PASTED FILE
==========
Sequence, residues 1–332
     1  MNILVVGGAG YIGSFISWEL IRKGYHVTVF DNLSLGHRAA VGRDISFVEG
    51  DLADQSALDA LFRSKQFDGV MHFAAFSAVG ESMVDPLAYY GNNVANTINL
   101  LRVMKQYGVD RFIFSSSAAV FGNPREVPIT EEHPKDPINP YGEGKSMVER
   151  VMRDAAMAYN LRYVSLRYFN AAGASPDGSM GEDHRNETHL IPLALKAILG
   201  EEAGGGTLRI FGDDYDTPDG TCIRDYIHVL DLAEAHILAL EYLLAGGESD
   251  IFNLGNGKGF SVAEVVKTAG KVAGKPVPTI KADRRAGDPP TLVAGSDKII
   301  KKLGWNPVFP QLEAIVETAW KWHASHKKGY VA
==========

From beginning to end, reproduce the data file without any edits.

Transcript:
Sequence, residues 1–332
     1  MNILVVGGAG YIGSFISWEL IRKGYHVTVF DNLSLGHRAA VGRDISFVEG
    51  DLADQSALDA LFRSKQFDGV MHFAAFSAVG ESMVDPLAYY GNNVANTINL
   101  LRVMKQYGVD RFIFSSSAAV FGNPREVPIT EEHPKDPINP YGEGKSMVER
   151  VMRDAAMAYN LRYVSLRYFN AAGASPDGSM GEDHRNETHL IPLALKAILG
   201  EEAGGGTLRI FGDDYDTPDG TCIRDYIHVL DLAEAHILAL EYLLAGGESD
   251  IFNLGNGKGF SVAEVVKTAG KVAGKPVPTI KADRRAGDPP TLVAGSDKII
   301  KKLGWNPVFP QLEAIVETAW KWHASHKKGY VA